The Life Support Course for Nurses (LSCN) equips nurses with the resuscitation skills to be first responders in in-hospital cardiac arrests. Seventeen years after the initiation of the LSCN, a confidential cross-sectional Qualtrics™ survey was conducted in May 2016 on LSCN graduands to assess the following: confidence in nurse-initiated resuscitation post-LSCN; defibrillation experience and outcomes; and perceived barriers and usefulness of the LSCN. The majority of respondents reported that the course was useful and enhanced their confidence in resuscitation. Skills retention can be enhanced by organising frequent team-based resuscitation training. Resuscitation successes should be publicised to help overcome perceived barriers.

Keywords: in-hospital cardiac arrest, life support course for nurses, nurse-initiated resuscitation


The in-hospital cardiac arrest (IHCA) chain of survival includes the following: (1) surveillance and prevention; (2) recognition and activation of hospital cardiac arrest (Code Blue) teams; (3) uninterrupted high-quality cardiopulmonary resuscitation (CPR); (4) rapid defibrillation; and (5) advanced cardiac life support and post-resuscitation care.(1) It has been reported that only 10%–20% of IHCA patients survive till discharge.(2-5) In contrast to out-of-hospital cardiac arrest (OHCA) rhythms, the initial IHCA rhythm is usually non-shockable.(4-5) This is possibly due to the higher incidence of physiological deterioration with hypoxaemia and hypotension, rather than the acute coronary event. The key to prevention of IHCA is surveillance, through the use of early warning scores,(6) and escalation of care to medical emergency teams.(7-8) Donnino et al reported that for IHCA with non-shockable rhythms, early administration of adrenaline within 1–3 minutes, compared with longer administration times, was associated with increased return of spontaneous circulation (ROSC), survival to hospital discharge and neurologically intact survival.(9) As the usual first responders in IHCA, nurses thus play an important role, whether in administering adrenaline, performing CPR or defibrillation.

While the Basic Cardiac Life Support (BCLS) course is mandatory for all nurses in Singapore, not many nurses deployed outside of critical care areas attend the Advanced Cardiac Life Support (ACLS) course. The Life Support Course for Nurses (LSCN) was developed in 1999(10) under the auspices of the National Resuscitation Council (NRC), Singapore, to bridge the gap between BCLS and ACLS. The LSCN teaches advanced airway skills such as laryngeal mask insertion; endotracheal intubation; resuscitation algorithms for ventricular fibrillation or pulseless ventricular tachycardia and asystole/pulseless electrical activity; defibrillation with automated and manual defibrillators; and simplified drug therapy. The course enables nurses to institute effective advanced care for IHCA (steps 2–4 in the chain of survival) before the arrival of Code Blue teams. Recognising that the work environment of Singapore nurses varies widely and nursing governance is not homogeneous, a general framework has been provided so that local practice can be adapted during nurse-initiated resuscitation. The 2016 cardiac arrest LSCN algorithm (Fig. 1) reflects the key emphasis of the NRC’s 2016 guidelines: good quality, uninterrupted CPR delinked from ventilation; and early defibrillation.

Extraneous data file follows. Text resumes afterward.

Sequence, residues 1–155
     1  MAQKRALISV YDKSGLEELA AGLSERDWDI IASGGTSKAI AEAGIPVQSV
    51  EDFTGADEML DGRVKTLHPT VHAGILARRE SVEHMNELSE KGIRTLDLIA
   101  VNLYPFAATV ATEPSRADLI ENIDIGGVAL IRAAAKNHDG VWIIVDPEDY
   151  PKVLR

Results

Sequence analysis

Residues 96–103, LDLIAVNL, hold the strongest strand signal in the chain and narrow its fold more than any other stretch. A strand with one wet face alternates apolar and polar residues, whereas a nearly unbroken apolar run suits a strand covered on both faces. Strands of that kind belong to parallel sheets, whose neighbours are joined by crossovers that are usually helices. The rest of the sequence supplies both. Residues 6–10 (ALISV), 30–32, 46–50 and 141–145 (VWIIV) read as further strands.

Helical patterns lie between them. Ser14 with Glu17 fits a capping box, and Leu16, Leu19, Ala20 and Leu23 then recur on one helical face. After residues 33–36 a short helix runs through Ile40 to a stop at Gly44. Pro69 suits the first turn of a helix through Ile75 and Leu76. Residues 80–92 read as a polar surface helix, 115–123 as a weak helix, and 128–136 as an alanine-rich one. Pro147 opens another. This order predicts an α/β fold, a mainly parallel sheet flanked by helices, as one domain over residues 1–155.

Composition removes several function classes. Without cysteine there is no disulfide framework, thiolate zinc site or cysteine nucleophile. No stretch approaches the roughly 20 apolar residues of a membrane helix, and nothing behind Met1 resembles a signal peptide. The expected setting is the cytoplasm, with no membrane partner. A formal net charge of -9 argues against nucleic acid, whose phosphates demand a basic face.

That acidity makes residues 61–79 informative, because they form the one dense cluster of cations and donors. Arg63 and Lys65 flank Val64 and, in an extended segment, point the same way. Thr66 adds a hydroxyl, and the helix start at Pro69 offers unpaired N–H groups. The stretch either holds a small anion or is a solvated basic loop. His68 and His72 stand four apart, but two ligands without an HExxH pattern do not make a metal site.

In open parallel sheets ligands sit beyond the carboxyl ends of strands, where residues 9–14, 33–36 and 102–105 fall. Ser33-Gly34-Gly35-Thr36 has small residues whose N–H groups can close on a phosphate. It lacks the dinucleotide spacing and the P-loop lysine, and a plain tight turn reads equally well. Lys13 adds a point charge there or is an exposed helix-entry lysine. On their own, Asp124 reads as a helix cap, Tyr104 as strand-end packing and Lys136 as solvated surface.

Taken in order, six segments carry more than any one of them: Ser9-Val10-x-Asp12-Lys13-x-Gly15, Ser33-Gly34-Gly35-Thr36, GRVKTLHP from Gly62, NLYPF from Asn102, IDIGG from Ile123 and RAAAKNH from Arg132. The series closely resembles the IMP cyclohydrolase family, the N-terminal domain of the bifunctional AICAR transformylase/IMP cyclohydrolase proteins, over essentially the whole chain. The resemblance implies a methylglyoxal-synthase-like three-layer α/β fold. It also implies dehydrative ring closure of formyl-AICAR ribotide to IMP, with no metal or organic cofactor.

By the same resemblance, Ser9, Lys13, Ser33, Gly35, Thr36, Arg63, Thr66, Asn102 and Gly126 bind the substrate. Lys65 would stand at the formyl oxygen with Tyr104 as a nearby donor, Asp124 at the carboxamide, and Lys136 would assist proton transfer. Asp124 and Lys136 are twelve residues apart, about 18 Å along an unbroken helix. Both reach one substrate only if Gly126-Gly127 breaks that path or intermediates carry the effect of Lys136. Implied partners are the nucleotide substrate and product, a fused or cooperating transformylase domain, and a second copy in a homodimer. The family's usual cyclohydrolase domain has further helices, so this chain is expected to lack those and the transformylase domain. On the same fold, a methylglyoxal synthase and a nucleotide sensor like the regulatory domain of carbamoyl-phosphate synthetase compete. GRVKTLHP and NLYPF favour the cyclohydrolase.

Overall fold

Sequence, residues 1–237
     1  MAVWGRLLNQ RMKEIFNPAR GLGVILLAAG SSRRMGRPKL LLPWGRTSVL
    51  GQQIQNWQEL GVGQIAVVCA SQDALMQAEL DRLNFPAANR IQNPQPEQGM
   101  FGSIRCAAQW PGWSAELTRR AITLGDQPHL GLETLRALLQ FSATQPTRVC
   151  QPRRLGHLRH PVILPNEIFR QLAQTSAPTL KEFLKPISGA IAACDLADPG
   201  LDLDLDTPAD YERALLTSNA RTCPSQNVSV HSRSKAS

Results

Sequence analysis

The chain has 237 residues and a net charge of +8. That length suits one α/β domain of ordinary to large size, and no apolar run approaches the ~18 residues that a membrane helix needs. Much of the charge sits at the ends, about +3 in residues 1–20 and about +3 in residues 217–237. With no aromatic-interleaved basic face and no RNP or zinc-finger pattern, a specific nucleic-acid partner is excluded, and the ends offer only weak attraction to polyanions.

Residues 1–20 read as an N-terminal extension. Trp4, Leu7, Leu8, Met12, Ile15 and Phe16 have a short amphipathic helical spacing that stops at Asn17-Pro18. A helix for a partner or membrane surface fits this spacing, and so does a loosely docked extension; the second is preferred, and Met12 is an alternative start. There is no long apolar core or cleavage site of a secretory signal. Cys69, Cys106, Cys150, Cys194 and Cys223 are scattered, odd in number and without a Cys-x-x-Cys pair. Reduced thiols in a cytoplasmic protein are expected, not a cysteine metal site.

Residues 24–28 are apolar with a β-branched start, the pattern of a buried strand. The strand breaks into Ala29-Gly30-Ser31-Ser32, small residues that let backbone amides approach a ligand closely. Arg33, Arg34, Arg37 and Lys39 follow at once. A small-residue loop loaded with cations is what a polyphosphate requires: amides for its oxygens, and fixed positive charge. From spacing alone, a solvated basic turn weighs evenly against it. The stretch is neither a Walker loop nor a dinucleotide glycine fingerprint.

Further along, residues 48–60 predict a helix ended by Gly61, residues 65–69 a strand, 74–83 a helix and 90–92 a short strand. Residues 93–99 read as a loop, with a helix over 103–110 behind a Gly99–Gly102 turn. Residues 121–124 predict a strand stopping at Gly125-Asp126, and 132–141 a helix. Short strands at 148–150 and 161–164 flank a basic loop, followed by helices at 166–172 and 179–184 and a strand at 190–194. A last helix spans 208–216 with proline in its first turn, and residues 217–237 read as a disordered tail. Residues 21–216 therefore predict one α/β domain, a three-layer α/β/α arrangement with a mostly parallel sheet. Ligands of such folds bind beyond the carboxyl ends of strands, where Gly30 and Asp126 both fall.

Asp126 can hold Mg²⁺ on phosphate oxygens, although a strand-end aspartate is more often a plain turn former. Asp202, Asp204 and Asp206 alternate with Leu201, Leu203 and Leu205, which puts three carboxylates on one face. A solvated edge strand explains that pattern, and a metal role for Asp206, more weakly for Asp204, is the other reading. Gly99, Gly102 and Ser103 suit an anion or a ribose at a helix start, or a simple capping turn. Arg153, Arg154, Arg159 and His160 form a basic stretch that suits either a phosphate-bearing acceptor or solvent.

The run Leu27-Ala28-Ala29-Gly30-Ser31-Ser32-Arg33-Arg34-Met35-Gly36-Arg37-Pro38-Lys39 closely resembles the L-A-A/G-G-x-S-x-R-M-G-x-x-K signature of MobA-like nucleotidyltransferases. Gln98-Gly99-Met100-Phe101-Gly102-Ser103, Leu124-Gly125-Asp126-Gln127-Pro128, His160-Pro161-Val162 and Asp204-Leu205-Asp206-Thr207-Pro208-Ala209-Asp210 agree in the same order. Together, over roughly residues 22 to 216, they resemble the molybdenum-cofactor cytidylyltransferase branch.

Fig. 1

Life Support Course for Nurses cardiac arrest algorithm. CPR: cardiopulmonary resuscitation; IO: intraosseous infusion; IV: intravenous; ROSC: return of spontaneous circulation; VF: ventricular fibrillation; VT: ventricular tachycardia


In Singapore, there are currently ten LSCN provider training centres and three LSCN instructor training centres with 232 active instructors. To date, 2,211 new certification courses and 1,149 recertification courses have been conducted. Over a decade after the implementation of the LSCN, we sought to take stock by conducting a confidential cross-sectional Qualtrics™ survey in May 2016. The survey consisted of five parts: (1) demographics of the respondent; (2) confidence in nurse-initiated resuscitation pre- and post-LSCN; (3) defibrillation experience and outcomes post-LSCN; (4) perceived barriers to nurse-initiated resuscitation; and (5) perceived usefulness of LSCN and reasons for perceptions.


There were 305 respondents to the survey (Table I). Mirroring the gender bias of nurses in Singapore, 92% of respondents were female. The mean age of the respondents was 38 (range 23–72; median 40) years. The majority (66%) had more than ten years of nursing experience (Table I). 64% of the respondents were registered nurses, 10% were nurse managers and 26% were LSCN instructors. The reported confidence in performing defibrillation was statistically significantly higher post-LSCN (p < 0.001, two-tailed Fisher’s exact test). Following the LSCN, 39% of respondents had performed defibrillation, while 61% had not. The survey showed that 84% of nurse-initiated resuscitations achieved ROSC.

Table I

Demographics of survey respondents (n = 305).